Clayton State University officials are gearing up to begin offering, this fall, a graduate-level version of one of its most popular bachelor's-degree programs.
When the 2010-2011 school year begins in August, the university will launch its master's degree in psychology, which was approved by the Board of Regents of the University System of Georgia in March.
Clayton State Psychology Professor Deborah Deckner said faculty members in the psychology department are excited about the addition of the graduate-level program, because of the opportunities it could present for new research opportunities. Deckner will serve as the coordinator of the master's program.
"All of the faculty feel invigorated about the prospect of adding this program to our department," Deckner said. "It really is an amazing opportunity to keep ourselves engaged in research."
The university is currently accepting applications for the first group of graduate-level psychology students, and the deadline to apply is July 15, according to Deckner. She said she anticipates only 20 applicants will be accepted into the program, and more than 40 people have already expressed an interest in applying for admission.
Only one of the degree's two curriculum tracks — the applied development psychology track — will be available this fall, however, Deckner said. The second track — for clinical psychology — will be launched in August 2011, she said.
Clayton State Department of Psychology Chairperson Donna McCarty said the implementation of the degree program is being phased in one track at a time to make sure the establishment process goes smoothly. "There's a lot of work that goes into implementing a program," McCarty said. "We thought we could do a better job by implementing one track at a time."
Clayton State's Department of Psychology has set up a web site: a-s.clayton.edu/MSP/, to explain the program, including what courses will be required of students, and what the admissions deadlines are.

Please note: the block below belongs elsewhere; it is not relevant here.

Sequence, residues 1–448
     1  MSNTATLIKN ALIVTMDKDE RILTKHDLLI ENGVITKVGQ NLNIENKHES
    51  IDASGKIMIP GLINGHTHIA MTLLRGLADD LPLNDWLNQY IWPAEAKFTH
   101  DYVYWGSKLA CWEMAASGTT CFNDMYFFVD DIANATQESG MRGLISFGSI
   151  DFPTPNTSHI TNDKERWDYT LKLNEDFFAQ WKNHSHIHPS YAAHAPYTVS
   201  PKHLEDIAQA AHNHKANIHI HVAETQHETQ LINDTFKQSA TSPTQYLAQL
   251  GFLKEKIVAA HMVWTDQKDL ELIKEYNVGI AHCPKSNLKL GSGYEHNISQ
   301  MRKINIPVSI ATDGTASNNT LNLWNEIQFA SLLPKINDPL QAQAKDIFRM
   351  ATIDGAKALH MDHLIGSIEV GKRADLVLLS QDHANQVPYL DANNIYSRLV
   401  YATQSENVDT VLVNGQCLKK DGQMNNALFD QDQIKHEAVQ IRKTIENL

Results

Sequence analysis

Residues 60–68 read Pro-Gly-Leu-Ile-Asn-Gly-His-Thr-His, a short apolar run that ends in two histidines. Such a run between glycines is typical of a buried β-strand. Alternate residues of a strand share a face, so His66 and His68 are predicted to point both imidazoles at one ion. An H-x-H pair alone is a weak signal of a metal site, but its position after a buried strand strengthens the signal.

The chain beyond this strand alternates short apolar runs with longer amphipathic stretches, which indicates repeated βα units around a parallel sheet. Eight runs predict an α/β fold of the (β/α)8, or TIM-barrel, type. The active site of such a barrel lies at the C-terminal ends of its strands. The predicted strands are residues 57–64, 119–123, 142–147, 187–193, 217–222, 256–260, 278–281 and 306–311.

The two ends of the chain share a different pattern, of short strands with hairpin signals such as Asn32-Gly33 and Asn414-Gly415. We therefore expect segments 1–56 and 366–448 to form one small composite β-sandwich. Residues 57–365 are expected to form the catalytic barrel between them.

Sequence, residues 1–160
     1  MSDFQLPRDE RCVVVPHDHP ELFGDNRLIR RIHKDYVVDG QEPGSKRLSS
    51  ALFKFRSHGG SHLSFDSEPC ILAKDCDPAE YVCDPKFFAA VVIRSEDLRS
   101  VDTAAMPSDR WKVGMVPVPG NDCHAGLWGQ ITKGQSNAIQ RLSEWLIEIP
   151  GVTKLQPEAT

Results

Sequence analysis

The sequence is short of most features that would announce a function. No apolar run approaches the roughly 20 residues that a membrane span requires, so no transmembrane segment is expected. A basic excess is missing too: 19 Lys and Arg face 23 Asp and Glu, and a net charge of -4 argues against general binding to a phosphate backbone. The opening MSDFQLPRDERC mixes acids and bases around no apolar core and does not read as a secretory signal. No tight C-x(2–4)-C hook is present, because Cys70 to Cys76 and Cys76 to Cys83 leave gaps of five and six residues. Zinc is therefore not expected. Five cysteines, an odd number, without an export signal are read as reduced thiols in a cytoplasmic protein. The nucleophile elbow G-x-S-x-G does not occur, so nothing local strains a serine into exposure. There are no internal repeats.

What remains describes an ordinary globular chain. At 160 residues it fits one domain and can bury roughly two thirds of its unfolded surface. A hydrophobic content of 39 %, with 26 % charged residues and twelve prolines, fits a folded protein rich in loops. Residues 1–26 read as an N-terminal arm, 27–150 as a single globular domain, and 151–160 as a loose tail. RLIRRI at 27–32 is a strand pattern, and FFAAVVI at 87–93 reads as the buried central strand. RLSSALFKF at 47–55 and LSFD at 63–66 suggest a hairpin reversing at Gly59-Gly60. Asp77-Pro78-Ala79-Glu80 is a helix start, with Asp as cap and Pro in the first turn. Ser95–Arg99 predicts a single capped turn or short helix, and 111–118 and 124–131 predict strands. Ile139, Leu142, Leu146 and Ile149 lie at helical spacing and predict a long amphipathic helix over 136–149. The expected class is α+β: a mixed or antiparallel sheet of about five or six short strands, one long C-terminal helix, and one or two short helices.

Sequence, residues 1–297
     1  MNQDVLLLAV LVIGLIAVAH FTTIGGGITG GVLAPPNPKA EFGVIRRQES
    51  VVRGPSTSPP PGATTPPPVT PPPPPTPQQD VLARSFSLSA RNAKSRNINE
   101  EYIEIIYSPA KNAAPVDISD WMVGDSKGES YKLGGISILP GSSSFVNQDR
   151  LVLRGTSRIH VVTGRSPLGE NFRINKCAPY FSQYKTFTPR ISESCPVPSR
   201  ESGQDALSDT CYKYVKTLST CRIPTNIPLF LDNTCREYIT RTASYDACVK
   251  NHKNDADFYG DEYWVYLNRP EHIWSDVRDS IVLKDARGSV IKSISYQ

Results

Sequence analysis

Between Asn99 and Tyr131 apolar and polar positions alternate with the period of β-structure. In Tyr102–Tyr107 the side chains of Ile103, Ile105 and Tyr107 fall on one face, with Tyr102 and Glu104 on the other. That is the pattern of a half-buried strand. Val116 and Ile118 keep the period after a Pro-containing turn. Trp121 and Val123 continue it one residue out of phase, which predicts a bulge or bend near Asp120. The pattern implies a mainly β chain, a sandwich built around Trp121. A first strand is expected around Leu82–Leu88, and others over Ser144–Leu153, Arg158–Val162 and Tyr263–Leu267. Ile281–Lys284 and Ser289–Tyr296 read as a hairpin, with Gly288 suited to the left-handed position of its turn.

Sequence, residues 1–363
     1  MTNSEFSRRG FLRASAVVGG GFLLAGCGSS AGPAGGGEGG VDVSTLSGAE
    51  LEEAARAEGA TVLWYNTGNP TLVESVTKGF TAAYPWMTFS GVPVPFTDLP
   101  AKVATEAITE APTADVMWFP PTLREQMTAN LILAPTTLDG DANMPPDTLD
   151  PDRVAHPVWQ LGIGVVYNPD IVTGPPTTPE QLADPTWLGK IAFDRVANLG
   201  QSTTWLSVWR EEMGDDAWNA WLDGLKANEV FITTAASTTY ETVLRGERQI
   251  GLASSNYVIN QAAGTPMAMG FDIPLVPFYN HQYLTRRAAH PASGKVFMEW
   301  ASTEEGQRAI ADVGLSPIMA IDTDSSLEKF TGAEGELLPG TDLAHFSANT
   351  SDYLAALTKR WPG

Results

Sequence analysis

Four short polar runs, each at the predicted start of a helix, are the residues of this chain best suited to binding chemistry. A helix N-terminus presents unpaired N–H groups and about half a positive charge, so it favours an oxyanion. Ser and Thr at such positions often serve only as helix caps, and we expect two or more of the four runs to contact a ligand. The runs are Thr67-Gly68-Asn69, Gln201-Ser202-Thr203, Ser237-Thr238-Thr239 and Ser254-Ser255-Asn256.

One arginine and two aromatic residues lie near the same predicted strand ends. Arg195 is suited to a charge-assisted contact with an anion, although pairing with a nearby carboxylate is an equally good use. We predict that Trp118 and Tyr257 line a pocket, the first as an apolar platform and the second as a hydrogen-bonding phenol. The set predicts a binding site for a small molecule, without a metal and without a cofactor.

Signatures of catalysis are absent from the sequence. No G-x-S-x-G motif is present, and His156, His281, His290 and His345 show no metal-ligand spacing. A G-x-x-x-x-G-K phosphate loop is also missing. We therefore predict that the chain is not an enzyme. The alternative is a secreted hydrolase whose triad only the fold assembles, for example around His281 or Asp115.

Deckner said the applied development track will prepare students to work in, or possibly lead, community organizations or government agencies that work with children. The clinical psychology track will prepare students to do community work, she said.
An added component, for both tracks, will be an emphasis on learning how to deal with diverse populations, according to Deckner. She said such training becomes particularly important when dealing with areas such as Clayton County, where cultural diversity is commonplace.
"Clayton County is such a diverse population that they really need to have that skill-set to work in this community," Deckner said.
McCarty and Deckner said two new faculty members will join the department in the fall, to help teach undergraduate, and graduate courses. They said one of the new teachers is Christina Camp, who is currently working on a research team at Emory University, and has expertise in clinical psychology. McCarty and Deckner said the other new professor is Pinar Gurkas, who is currently teaching psychology at Columbus State University, and has expertise in developmental psychology.
McCarty, and University Spokesman John Shiffert said psychology has quickly proven to be a popular field of study since the university began offering a bachelor's degree in the subject in 2011. In a written statement, Shiffert called the Psychology Department "one of Clayton State's great success stories," because the undergraduate-degree program has grown to be one of the largest at the university in less than a decade.
"For the 2009-2010 academic year," Shiffert said, "Clayton State has 505 declared psychology majors, the third largest single degree program at the university, behind the university's two oldest undergraduate programs — the Pre-[Bachelor of Science in Nursing, basic licensure] and Pre-Business."
McCarty said the popularity of the undergraduate program, as well as the diverse student population at Clayton State, were two reasons the university pursued a master's-degree program. For more information on the new master's degree, call (678) 466-4836.